Virtually every study that has been led by Kinlen’s working group has shown similar results, i.e. they have observed a significant increase in childhood leukemia matching large-scale mixing between rural and urban populations. [22-27]. In favor of Kinlen proposal, childhood leukemia clusters were more evident when people from urban regions were mixed with people from isolated areas with low population density, and those who develop leukemia were mostly children from the most immunologically isolated. Also, the leukemia peaks were transitory coinciding with the largest flow of people, arguing against a common source of a persistent chemical/radiation contaminant.

Other researchers have addressed the same question. For example, Koushik and colleagues conducted an ecologic study of childhood leukemia and population mixing in Ontario, Canada. The percent of population change was employed as indicator of mixing population. In this study, 1394 leukemia cases recorded between 1978 and 1992 were included. The results showed that population growth was also associated with a high incidence of leukemia, but only in rural and not in urban areas [28]. Other studies have shown no support for the Kinlen’s hypothesis, among them is Laplanche & de Vathaire’s [29]. This study included all French communities and covered the period between 1968 and 1990 during which occurred a rapid population increase. According to the results during the mentioned period, deaths from leukemia in children or young adults under 25 years of age were slightly lower than the expected estimate and no differences in risk according to the size of population increase or region were found. Another French study carried around the nuclear reprocessing plant of La Hague found no evidence of increase in childhood leukemia cases [30].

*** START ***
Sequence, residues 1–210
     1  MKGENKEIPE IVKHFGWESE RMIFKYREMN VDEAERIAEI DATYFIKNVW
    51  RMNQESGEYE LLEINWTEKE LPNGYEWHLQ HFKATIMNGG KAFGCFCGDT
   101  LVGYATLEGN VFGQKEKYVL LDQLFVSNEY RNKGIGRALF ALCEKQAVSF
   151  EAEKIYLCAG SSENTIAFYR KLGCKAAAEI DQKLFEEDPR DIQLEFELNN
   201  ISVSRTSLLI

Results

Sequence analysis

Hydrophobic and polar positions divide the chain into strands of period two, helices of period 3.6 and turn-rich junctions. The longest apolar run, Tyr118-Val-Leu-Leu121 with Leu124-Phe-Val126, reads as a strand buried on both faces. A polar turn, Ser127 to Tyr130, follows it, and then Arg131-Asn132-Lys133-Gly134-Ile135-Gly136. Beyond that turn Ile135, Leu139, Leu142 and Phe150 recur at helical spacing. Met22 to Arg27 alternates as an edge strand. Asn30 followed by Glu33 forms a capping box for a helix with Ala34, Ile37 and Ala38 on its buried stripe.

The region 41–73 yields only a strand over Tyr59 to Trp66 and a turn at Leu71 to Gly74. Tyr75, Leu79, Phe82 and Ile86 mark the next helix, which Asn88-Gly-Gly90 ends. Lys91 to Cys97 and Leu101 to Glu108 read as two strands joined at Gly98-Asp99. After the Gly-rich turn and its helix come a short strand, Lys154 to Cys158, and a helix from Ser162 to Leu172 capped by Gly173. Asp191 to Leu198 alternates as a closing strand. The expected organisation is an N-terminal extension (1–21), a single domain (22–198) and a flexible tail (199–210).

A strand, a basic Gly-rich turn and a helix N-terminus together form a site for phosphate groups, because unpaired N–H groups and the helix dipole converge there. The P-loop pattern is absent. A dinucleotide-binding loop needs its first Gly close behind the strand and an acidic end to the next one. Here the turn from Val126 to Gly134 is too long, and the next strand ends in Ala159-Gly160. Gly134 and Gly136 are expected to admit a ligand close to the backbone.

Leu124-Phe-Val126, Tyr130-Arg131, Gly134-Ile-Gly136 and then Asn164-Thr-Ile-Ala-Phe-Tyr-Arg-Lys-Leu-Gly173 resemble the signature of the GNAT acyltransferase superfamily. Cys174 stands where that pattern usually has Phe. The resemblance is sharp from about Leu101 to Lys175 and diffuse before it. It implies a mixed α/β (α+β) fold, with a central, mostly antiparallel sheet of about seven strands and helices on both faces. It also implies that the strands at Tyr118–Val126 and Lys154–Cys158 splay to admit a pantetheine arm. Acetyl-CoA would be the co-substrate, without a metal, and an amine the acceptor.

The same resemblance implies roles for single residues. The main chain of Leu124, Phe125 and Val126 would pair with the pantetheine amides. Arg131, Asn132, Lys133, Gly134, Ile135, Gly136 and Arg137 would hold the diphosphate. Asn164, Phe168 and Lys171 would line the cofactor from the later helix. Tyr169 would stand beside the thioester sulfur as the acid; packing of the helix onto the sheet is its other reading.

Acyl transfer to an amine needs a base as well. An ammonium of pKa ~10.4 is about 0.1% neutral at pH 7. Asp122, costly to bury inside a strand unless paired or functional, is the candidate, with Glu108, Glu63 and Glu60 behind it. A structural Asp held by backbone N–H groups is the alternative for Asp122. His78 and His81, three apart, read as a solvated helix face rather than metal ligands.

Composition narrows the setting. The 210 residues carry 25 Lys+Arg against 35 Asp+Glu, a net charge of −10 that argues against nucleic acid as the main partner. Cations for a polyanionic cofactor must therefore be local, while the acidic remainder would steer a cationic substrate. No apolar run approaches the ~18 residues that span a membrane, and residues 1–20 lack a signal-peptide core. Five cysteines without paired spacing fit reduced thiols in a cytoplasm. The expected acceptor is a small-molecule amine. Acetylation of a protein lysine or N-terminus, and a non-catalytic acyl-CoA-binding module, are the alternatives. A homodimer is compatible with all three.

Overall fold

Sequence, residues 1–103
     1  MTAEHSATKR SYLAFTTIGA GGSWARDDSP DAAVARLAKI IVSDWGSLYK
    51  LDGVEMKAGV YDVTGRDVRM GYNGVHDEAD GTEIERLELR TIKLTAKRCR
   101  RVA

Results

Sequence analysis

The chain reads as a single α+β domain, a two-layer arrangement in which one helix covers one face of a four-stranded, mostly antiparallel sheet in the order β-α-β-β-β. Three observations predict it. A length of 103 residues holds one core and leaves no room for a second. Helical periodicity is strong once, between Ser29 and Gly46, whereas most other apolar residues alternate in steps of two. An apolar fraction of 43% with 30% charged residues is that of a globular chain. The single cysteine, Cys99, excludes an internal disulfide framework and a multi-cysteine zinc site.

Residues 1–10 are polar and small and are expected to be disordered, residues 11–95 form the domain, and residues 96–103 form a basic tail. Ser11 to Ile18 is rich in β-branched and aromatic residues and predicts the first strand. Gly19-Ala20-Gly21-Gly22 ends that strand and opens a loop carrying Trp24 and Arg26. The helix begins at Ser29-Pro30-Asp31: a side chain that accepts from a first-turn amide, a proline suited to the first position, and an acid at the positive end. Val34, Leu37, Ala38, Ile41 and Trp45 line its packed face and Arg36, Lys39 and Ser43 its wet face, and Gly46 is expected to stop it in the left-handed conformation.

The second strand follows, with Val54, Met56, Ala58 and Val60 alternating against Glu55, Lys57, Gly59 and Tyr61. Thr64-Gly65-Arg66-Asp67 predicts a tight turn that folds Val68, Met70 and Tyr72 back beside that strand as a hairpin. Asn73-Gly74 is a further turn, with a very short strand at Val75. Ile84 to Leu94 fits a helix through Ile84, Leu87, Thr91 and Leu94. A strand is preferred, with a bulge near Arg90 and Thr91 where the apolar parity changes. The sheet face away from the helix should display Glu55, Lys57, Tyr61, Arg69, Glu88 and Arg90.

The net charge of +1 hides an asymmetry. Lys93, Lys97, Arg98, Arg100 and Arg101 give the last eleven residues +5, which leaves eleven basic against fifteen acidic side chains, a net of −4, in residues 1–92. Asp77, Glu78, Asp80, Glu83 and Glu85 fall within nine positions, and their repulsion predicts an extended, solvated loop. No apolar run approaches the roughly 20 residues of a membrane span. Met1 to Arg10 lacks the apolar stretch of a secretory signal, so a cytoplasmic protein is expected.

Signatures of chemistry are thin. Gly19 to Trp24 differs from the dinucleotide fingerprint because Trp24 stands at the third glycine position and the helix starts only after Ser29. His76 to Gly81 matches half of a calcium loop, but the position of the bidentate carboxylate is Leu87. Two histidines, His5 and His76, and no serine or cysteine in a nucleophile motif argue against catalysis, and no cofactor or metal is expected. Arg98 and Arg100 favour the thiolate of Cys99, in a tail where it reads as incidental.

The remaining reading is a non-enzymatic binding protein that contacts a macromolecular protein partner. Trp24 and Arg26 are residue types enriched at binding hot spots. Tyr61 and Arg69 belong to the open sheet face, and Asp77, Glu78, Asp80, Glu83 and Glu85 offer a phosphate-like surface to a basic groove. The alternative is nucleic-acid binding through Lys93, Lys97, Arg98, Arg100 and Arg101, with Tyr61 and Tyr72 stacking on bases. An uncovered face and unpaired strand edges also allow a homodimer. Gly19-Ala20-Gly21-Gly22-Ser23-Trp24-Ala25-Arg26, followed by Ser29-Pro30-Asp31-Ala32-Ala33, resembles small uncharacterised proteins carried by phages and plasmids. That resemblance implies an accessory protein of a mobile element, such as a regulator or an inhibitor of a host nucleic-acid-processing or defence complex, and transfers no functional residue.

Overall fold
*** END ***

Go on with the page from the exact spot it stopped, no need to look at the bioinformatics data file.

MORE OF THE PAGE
Although, not all the studies carried out around areas of population mixing have correlated with clusters of childhood leukemia, it is relevant that most do. It is also important that, although the original observation was done around nuclear plants, there is evidence of a similar phenomenon occurring in many other regions around non-nuclear sites, including military settlements. From his observations, Kinlen proposed that a common infectious agent could be responsible and adults are the main transmitters, thus population mixing could be responsible for the leukemia cases seen even in the first year of life.

If Kinlen proposal is true, it is possible that the data against his hypothesis had different explanations: 1) the effect may be dose dependent, so, high levels of contact might be necessary; 2) the hypothesis has been proposed for large-scale rural-urban population mixing and many studies might not reach the required population threshold, and 3) other genetic and/or environmental differences might be affecting the outcome [4, 22].